So how do you get that sense of community when you are shutting out the world when you get home? How do you prevent feeling isolated in the big city? One of the things that Arran and I do a lot is go out for breakfast or a coffee at Glebe’s local café’s. Arran’s regular “check-in”s on Facebook probably makes our friend’s wonder if we ever eat at home!
Aiden and his mate Rob Shaw hanging out in a cafe in Manly!
This fits well with research from Dr Tony Grant, who is one of Australia’s Coaching Psychology and Positive Psychology's gurus. He was recently involved  with a show on ABC1 called Making Australia Happy which took a group of people in Marrickville, another suburb in Sydney's inner west and used positive psychology tools to try and improve their happiness. One tool in preventing feeling socially isolated and improve general happiness is communal eating. Our favourite cafes know who we are and create a welcoming and warm feeling whenever we arrive. They also provide a place for us to interact with other people. Its not unusual to strike up a conversation with people at the next table from us. Aiden looks so striking that most people can’t help but comment and want to talk to us about him!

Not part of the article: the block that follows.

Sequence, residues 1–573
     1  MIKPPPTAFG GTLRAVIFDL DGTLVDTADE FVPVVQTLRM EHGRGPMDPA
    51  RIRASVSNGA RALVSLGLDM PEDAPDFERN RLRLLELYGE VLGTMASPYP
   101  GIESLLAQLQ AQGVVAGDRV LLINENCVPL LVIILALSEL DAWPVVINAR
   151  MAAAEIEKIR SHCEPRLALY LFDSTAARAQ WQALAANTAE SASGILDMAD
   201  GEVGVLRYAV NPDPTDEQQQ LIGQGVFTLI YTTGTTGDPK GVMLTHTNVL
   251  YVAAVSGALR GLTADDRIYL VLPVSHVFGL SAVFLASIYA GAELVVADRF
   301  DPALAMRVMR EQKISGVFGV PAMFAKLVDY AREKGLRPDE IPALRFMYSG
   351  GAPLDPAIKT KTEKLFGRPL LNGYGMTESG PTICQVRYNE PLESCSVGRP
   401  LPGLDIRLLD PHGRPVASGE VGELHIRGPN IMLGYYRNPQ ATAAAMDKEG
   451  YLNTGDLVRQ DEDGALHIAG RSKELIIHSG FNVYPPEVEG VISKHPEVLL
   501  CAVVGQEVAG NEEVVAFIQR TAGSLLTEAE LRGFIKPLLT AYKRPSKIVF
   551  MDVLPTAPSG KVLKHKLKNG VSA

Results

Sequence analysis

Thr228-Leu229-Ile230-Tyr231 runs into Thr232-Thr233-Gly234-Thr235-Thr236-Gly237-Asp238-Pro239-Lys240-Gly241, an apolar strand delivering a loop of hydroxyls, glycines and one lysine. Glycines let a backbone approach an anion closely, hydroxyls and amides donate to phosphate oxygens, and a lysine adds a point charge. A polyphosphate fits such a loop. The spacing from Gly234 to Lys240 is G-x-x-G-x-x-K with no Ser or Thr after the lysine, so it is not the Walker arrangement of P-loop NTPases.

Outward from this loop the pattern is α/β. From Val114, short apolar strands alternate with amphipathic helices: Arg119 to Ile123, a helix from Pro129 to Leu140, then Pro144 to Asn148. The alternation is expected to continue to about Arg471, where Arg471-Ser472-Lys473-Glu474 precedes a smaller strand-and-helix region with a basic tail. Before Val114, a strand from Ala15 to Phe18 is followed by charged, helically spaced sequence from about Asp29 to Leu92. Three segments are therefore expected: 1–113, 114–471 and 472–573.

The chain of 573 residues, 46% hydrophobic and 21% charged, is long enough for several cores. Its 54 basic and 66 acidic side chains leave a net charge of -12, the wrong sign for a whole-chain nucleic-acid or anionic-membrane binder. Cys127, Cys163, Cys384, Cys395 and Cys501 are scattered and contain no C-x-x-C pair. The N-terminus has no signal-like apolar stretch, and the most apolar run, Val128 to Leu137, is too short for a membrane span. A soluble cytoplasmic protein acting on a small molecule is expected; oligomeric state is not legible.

There are lots of great cafes in Glebe; Badde Manors, Sonoma, Well Connected, Sapphos….
Cappuccino at Well Connected, Glebe Pt Rd
Our two favourites are Clipper and Astor Espresso, both on Glebe Point Rd.  We would go to each at least once a week. Clipper has big communal tables and they always know our coffee order and that Aiden needs toast with jam. Stat. Sometimes I will stop at Clipper on the way to work for a take-a-way coffee and on the occasions that I forget I have no money in my wallet (they are a cash only business), they just tell me to pay next time. When I attempt to pay next time they don’t let me! It’s not a big deal for them I guess. What would be the cost of a coffee? And what does it gain them in my loyalty and feeling a sense of community and belonging with this business?